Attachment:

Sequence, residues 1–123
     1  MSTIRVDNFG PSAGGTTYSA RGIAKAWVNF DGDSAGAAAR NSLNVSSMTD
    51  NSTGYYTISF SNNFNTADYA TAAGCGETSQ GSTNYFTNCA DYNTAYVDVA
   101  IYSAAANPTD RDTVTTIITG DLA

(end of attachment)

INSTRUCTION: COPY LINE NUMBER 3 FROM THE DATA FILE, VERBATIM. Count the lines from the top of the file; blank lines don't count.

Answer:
    51  NSTGYYTISF SNNFNTADYA TAAGCGETSQ GSTNYFTNCA DYNTAYVDVA